A win-win for everyone — just don’t tell that to Big Tech’s motherlands who miss out on what they deem revenues that should’ve been theirs.
Technology companies have thrived because of innovation and creativity. Unfortunately, those two nouns can also be used to describe how they could, apparently, dodge their tax obligations. One of the most basic rules of business is that expenses must be kept at a minimum, taxes being a big part of those calculations. Remember: Tax evasion is different from tax avoidance, the latter using legal means or being — here goes those words again — innovative and creative to steer clear of having to pay dues under tax codes. It’s not entirely Big Tech’s fault they’ve decided to flee elsewhere to conduct a major part of their business. After all, countries considered as tax havens use this same dynamic to become an attractive investment hub: Come set up shop here, enjoy our sights and we’ll keep you happy with our low tax rates. A win-win for everyone — just don’t tell that to Big Tech’s motherlands who miss out on what they deem revenues that should’ve been theirs, a hard catch despite some of the most stringent tax laws in a number of these advanced economies.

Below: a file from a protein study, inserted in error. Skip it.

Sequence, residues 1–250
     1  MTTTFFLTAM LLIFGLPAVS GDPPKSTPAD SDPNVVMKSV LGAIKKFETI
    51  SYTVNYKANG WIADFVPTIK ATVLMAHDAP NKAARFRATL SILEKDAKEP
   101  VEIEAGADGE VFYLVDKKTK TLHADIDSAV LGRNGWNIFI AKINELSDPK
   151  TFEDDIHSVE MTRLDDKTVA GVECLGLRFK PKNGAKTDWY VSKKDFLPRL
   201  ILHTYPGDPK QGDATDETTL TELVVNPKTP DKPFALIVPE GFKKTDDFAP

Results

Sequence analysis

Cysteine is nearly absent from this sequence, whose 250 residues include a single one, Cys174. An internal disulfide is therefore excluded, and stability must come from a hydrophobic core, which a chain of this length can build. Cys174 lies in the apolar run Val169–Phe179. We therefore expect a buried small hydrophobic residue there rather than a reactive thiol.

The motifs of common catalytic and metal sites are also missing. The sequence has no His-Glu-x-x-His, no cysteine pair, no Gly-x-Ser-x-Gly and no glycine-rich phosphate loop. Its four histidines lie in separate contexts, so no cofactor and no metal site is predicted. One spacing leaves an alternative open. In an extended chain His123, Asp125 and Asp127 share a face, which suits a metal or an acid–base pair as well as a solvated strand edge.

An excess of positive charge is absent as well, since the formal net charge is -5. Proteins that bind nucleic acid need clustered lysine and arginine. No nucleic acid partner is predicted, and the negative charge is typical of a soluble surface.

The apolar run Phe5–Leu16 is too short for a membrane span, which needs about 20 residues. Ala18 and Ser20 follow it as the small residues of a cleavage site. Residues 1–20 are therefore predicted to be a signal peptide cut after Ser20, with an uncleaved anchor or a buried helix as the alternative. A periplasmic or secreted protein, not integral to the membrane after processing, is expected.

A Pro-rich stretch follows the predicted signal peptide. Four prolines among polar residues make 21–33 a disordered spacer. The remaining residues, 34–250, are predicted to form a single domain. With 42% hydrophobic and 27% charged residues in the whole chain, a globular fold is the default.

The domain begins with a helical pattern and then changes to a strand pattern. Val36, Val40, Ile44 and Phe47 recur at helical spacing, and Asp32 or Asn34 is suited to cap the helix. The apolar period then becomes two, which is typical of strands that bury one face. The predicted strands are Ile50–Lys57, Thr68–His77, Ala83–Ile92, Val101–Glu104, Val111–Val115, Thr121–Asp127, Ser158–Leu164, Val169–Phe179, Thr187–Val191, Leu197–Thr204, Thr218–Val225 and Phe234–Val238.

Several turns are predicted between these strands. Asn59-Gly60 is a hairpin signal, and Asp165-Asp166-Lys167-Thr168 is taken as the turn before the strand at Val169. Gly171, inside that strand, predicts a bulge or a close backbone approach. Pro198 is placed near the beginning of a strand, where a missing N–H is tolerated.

The G7’s landmark move to rein in these practices will cast a wider net, considering the proposed 15 per cent minimum corporate tax rate that will be uniform at a global level. The biggest global levy shakeup in years has ramifications for all involved: Ireland, the go-to haven for big companies with a budget-friendly corporate tax rate of 12.5 per cent, has already estimated that its coffers would lose €2 billion a year if G7 plans come into fruition. Amazon and Google have already welcomed the move, while Facebook is apparently resigned to paying more tax. Apple, the richest, has yet to respond. For the mightiest and the wealthiest, a 15 per cent rate is still chump change.
But this is where things get murky: Who will be taxed and what criteria will be used for determining such? The G7 hadn’t laid out any details on this — only the ‘largest and most profitable companies’, they said — which leaves more questions than answers. Even critics have pointed out that the rate sets the ‘bar so low that companies can just step over it’. True. There are so many other countries imposing much higher, sometimes sky-high, corporate taxes. Global alliances have already wasted many years trying to come up with a suitable Big Tech tax regime; they should’ve at least come up with a solid stand, some rules and, maybe, a higher tax rate proposal. In a rather lacking proposal, all they may have done is give Big Tech more time to do what they do best — be even more innovative and creative to prepare for a new ‘taxing’ world.